Speaking at the NAPF conference, a Securities and Investment Board official was besieged by complaints from irate benefits managers who now have to contend with the mess, with little help from insurance companies that "mis-sold" those personal pensions.
Meanwhile, employers' ability to recoup surplus pension assets has come under attack. A series of recent rulings by the U.K.'s Pension Ombudsman Julian Farrand has affected hundreds of millions of pounds in recaptured surplus assets. Those assets, most of which had been recouped by privatized companies, must be refunded to schemes, he ordered. A key test will occur later this year when the High Court reviews an Ombudsman's ruling that the National Grid incorrectly took (British pounds) 44 million from the Electricty Supply Pension Scheme.
Tom Ross, the NAPF's outgoing chairman, told delegates the association believes refund of surplus assets to employers should be allowed. "The Pensions Act 1995 permits a refund of surpluses to employers where (the) Inland Revenue approves of the payment and the refund is in the interest of the members of the scheme," he said.
Participants are better off if an employer can recapture surplus assets than if the employer makes minimal contributions, he added. Lower funding levels could create the possibility of a shortfall "in the event of a sudden, unexpected drastic fall in the value of scheme assets," Mr. Ross said.
Potential tax threats loom
As if U.K. pension executives didn't have enough to worry about, they now fear the newly elected Labor Government will lower tax relief granted to tax-exempt funds on Advance Corporation Tax. Because retirees pay taxes on their pension benefits, pension funds receive a 20% tax credit on dividends - reduced in 1993 from 25%.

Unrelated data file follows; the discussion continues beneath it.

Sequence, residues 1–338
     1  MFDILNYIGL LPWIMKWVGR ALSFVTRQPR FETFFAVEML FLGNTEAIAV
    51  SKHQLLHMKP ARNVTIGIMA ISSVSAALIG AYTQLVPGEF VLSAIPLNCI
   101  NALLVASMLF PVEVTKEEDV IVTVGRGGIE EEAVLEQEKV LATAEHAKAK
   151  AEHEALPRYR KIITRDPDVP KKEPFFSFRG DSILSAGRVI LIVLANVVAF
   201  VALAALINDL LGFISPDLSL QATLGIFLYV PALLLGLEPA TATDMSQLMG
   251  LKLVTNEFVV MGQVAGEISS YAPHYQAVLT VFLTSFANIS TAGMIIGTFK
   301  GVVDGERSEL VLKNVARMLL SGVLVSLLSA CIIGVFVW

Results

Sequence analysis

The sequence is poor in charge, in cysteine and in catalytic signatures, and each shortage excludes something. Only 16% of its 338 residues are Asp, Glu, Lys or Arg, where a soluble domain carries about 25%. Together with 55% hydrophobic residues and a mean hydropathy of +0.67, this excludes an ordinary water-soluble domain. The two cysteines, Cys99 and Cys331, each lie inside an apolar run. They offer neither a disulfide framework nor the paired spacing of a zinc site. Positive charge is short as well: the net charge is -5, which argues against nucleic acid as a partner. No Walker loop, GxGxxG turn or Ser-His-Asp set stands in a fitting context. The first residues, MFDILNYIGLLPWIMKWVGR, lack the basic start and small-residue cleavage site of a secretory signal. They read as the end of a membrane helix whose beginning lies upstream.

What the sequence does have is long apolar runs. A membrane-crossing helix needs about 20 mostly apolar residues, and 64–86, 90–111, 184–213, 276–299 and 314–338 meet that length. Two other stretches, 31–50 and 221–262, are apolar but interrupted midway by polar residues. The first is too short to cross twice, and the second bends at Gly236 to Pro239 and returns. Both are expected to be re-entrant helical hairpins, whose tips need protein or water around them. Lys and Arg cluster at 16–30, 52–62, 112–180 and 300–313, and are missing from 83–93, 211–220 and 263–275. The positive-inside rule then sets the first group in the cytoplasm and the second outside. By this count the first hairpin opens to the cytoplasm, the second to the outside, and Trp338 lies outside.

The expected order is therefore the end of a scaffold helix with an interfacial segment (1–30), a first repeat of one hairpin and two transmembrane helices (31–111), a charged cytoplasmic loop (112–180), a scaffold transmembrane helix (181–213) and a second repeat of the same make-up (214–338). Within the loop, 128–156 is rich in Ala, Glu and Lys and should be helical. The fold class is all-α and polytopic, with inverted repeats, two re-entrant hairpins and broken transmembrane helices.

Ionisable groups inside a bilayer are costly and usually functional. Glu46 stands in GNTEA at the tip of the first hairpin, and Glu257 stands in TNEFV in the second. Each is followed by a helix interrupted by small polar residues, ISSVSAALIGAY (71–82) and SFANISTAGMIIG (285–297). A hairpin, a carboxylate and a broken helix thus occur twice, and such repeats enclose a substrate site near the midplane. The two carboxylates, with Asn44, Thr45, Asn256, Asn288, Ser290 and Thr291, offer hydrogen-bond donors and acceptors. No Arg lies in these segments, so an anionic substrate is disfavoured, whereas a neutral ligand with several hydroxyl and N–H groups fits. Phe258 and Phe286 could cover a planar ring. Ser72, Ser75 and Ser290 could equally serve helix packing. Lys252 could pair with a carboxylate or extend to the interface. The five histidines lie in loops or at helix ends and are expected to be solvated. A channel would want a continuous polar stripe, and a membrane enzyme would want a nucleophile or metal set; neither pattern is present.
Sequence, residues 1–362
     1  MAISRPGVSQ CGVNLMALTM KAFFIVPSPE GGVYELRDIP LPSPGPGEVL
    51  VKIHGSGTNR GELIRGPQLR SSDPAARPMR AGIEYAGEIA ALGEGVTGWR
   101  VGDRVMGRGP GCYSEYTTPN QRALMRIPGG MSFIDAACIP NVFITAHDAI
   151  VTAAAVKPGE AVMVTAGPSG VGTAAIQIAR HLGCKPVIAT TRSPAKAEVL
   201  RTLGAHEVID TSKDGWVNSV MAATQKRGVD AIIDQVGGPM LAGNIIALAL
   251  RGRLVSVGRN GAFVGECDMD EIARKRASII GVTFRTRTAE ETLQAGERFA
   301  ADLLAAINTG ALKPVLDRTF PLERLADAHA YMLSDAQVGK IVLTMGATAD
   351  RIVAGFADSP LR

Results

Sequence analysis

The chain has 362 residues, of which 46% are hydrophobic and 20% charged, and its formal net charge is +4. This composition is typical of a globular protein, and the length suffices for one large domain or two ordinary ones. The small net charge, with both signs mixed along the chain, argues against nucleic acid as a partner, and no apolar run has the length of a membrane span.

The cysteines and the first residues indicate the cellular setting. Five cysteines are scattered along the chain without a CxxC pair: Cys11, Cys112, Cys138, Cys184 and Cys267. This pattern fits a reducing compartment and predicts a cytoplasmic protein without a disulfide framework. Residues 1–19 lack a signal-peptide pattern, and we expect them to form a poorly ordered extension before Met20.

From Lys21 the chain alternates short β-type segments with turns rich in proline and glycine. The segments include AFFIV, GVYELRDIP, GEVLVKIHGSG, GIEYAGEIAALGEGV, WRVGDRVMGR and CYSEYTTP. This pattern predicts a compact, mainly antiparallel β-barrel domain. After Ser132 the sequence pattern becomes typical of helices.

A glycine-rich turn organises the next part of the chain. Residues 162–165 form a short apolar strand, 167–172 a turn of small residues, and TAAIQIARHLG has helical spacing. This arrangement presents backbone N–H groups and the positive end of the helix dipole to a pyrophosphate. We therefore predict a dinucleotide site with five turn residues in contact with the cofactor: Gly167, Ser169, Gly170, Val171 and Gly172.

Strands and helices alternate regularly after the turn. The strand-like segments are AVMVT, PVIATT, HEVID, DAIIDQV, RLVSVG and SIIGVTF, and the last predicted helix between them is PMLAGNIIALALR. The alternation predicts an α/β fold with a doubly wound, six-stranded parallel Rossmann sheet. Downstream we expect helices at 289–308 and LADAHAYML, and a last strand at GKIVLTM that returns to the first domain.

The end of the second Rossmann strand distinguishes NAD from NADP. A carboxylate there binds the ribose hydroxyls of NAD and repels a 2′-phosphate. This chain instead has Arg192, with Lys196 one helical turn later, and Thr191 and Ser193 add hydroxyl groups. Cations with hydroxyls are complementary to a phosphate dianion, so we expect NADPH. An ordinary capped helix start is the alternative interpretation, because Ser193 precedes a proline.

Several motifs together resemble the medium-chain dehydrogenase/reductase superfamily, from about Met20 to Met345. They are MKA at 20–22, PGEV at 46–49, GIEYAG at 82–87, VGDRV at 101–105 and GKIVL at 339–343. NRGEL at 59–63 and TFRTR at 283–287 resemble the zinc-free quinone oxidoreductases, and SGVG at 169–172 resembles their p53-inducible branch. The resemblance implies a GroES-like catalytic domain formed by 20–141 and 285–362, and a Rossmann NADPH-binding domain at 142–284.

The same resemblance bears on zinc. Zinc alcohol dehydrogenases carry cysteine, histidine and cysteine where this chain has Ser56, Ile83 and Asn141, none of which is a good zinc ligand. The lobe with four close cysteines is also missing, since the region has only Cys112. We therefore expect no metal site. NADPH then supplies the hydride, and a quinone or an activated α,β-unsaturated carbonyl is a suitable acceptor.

The industry is abuzz with rumors that Chancellor of the Exchequer Gordon Brown will abolish or reduce the tax relief, effectively reducing dividends. Not only would this shrink investment income, but domestic equities held by U.K. funds are valued on the basis of future dividend streams, thus causing overall valuations to decline.
The upshot, some warn, is that companies would have to boost contributions, thus diminishing pre-tax income and reducing government receipts. A back-of-the-envelope calcuation by Mr. Ross suggested (British pounds) 50 billion in additional assets would be needed if ACT relief were abolished.
Resulting tax-revenue losses could equal or even exceed the amount gained by the Treasury from ACT changes for the first five and possibly 10 years of the tax, Mr. Murray said.
Norman Braithwaite, the incoming president of the Pensions Management Institute, a professional U.K.-based training organization, added reduction of ACT would have a direct effect on members of defined contribution schemes, which are just starting to take off in Britain.